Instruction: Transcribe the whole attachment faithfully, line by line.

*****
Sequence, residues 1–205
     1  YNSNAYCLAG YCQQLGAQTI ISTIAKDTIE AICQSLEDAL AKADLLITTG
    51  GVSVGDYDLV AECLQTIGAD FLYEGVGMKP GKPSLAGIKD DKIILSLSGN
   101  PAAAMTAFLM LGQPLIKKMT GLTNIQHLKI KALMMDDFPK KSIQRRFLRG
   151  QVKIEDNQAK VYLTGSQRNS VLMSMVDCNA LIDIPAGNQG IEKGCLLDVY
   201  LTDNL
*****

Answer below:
Sequence, residues 1–205
     1  YNSNAYCLAG YCQQLGAQTI ISTIAKDTIE AICQSLEDAL AKADLLITTG
    51  GVSVGDYDLV AECLQTIGAD FLYEGVGMKP GKPSLAGIKD DKIILSLSGN
   101  PAAAMTAFLM LGQPLIKKMT GLTNIQHLKI KALMMDDFPK KSIQRRFLRG
   151  QVKIEDNQAK VYLTGSQRNS VLMSMVDCNA LIDIPAGNQG IEKGCLLDVY
   201  LTDNL